Remember when the DVD was introduced? Remember how all the hardware companies and Hollywood studios played nice together, bringing out a steady flow of players and movies? Well, you can forget about that when the HD DVD and Blu-ray high-def disc formats debut over the next few months. There's a war on, and neither side is interested in taking any prisoners, let alone calling a truce.
If people were clamoring for a new videodisc format - the way they were looking for salvation from the inconvenience and lousy quality of VHS tapes when the DVD appeared - there'd be more pressure on companies to get behind a single high-def format. But most of us are happy with DVD, and sales of the HDTVs necessary for seeing the improved picture the new formats provide are just beginning to hit critical mass. So it would seem that HD DVD and Blu-ray can take their time replacing DVD, staging all the skirmishes, sneak attacks, and pitched battles they want.
Or can they? If the new formats don't hook the average Joes and Janes fairly early on, they might face a steep uphill battle against services providing high-def movies on demand. So, why do the two camps feel they can afford the luxury of a very public format war?
The simple answer is that each side claims to have the better technology. And seeing the gobs of money DVD has made for the manufacturers, the studios, and just about everyone else associated with it, each side wants to position its format to grab whatever moolah it can. The stakes are quite huge, so HD DVD and Blu-ray are going to fight for all they can get.
FIRST STRIKE: HD DVD
It's all but inevitable that HD DVD will be out before Blu-ray, and that the first players will be Toshiba's $799 HD-XA1 and $499 HD-A1. But the format war is full of surprises, and the big one here is that neither player can handle the super-high-rez 1080p format. (On the other hand, nobody expects to see 1080p HD DVDs early on.)
Toshiba is doing a 40-city retail tour through the end of April to support the launch, offering player demos at stores like ABT, Best Buy, Fry's, P.C. Richard & Son, and Tweeter. Amazon.com and Best Buy are taking pre-orders for the players online, and they expect to start shipping those orders in April.
But the week before Toshiba was ready to start its tour, it set the tech blogs abuzz with a press release that said the first players would need a firmware upgrade to take full advantage of HD DVD's iHD interactivity. A Toshiba spokeswoman tried to defuse the situation by saying that the players could take advantage of all the interactivity currently on discs. She also said that the statement was only meant to convey that the players can be upgraded to include interactive features as they're developed, such as disc-based Internet shopping. But as we went to press, it still wasn't clear what types of interactivity the first players could support.
It also wasn't clear whether the players' HDMI outputs can handle the lossless compression used by the new Dolby and DTS audio formats. The players support these formats, but current HDMI interfaces don't, and it's uncertain how they can be upgraded when the new version of HDMI (1.30) appears.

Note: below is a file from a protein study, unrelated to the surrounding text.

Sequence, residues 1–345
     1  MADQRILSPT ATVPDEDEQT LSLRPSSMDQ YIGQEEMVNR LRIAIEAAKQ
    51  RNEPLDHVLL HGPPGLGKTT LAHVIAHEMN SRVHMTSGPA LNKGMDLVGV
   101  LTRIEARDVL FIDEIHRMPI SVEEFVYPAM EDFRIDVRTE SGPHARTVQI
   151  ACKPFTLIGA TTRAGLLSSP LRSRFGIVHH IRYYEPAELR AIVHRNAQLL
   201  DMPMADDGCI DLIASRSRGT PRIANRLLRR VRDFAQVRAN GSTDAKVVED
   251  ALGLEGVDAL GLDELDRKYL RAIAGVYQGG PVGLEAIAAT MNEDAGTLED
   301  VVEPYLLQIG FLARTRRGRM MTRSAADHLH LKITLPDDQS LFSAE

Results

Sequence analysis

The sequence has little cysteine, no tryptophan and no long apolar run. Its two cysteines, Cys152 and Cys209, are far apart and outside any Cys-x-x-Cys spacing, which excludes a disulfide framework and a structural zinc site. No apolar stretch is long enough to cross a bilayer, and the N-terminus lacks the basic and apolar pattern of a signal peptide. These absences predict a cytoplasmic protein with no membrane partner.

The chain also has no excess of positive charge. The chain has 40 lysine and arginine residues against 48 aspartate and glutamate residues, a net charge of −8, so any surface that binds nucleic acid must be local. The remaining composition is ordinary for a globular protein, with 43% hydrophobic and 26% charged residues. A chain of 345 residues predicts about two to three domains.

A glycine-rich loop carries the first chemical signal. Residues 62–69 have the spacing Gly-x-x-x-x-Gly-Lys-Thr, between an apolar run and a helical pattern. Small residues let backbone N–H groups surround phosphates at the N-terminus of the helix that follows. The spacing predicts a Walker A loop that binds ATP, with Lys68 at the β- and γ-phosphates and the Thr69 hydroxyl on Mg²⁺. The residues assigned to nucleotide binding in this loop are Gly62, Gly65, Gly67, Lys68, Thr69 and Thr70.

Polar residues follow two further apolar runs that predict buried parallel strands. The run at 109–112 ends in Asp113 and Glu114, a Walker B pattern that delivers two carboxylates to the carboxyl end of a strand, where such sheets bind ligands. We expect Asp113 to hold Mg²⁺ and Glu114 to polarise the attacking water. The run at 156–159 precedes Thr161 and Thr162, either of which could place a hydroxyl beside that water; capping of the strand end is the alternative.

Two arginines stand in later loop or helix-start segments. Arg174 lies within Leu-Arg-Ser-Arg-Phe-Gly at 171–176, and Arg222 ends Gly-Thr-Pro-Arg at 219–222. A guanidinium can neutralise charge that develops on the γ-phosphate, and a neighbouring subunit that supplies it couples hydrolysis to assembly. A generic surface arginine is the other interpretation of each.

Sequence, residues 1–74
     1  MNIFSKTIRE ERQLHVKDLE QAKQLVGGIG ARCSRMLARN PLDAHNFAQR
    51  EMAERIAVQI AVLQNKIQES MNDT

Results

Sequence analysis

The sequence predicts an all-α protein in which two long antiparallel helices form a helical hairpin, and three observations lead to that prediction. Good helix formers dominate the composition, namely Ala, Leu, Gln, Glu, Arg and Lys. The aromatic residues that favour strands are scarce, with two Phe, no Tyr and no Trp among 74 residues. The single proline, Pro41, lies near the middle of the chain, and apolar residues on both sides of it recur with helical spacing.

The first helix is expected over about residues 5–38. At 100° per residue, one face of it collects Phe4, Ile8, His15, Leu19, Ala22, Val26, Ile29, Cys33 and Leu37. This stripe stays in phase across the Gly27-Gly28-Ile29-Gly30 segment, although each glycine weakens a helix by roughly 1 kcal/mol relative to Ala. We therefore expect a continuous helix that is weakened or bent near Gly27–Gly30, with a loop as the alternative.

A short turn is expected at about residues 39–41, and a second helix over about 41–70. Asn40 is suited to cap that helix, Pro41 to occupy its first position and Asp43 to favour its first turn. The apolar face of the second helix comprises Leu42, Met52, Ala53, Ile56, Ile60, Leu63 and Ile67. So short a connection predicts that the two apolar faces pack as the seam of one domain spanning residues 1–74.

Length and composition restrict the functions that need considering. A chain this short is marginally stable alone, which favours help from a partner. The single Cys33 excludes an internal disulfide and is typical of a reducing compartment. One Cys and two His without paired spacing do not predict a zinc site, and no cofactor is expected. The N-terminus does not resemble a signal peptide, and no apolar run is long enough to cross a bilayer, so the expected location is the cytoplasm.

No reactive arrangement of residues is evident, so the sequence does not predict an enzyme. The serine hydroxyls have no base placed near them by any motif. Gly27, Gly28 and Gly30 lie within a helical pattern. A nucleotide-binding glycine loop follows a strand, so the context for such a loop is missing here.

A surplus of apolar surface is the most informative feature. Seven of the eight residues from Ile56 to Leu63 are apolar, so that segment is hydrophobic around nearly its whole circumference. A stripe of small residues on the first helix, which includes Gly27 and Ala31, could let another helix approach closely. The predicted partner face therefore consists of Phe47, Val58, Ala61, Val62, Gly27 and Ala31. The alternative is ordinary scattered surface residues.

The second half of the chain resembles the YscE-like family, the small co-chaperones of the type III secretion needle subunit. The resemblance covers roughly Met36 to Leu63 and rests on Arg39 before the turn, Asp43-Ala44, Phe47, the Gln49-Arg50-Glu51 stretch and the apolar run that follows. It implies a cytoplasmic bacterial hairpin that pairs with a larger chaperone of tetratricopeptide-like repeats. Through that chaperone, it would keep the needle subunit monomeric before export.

There were also questions about how many HD DVDs would be available for the launch. Warner, Universal, and Paramount/DreamWorks said earlier in the year that they'd release the first titles on March 28. But Warner, which had committed to a launch of 24 movies, might actually have as few as four ready and not until mid-April. The studio also said it might initially sell discs only at the stores carrying HD DVD players. By late February, Paramount/DreamWorks and Universal were still discussing plans and pricing with their retailers. DVD rental chains such as Netflix have said they'll support both formats but haven't said if they'll have titles available at the launch.
It's also not clear how long Toshiba will be going it alone. Thomson has said it will introduce an RCA player - almost identical to the $499 Toshiba player - in April, while Sanyo and LG have committed only to shipping players later this year. Microsoft will start selling an optional HD DVD drive for the Xbox 360 later this year.
THE NEXT WAVE: BLU-RAY
Expect to see Blu-ray players in May. Samsung's $1,000 BD-P1000 will probably be first, followed by the $1,800 Pioneer Elite BDP-HD1. Unlike the Toshiba players, both of these models are supposed to handle 1080p video. LG, Panasonic, Sharp, and Sony have promised 1080p Blu-ray players by summer.
Sony Pictures has said that its Blu-ray titles will sell for 15% to 20% more than DVDs, with new releases going for about $35 and older movies for about $30. Like Warner, Sony will probably make the first releases available only at stores that sell Blu-ray players. Sony plans to have 18 older movies ready for the launch, with recent ones available by summer. Four Blu-ray titles are supposed to be released every month until the end of the year, when the number will jump to 10 titles a month. The other studios in the Blu-ray camp - Disney, Lions Gate, 20th Century Fox, Paramount/DreamWorks, Universal, and Warner - were supposed to announce titles and dates in March. Prices for their releases will probably be similar to Sony's.
One large question mark looms over Blu-ray's front line: while Sony originally said it would have the PlayStation 3, which has a Blu-ray drive, out by spring, it recently announced that PS3 won't arrive in the U.S. until November. But the idea that Sony's latest console would be in 10 million homes within its first year and a half was key to securing the studios' support for Blu-ray.
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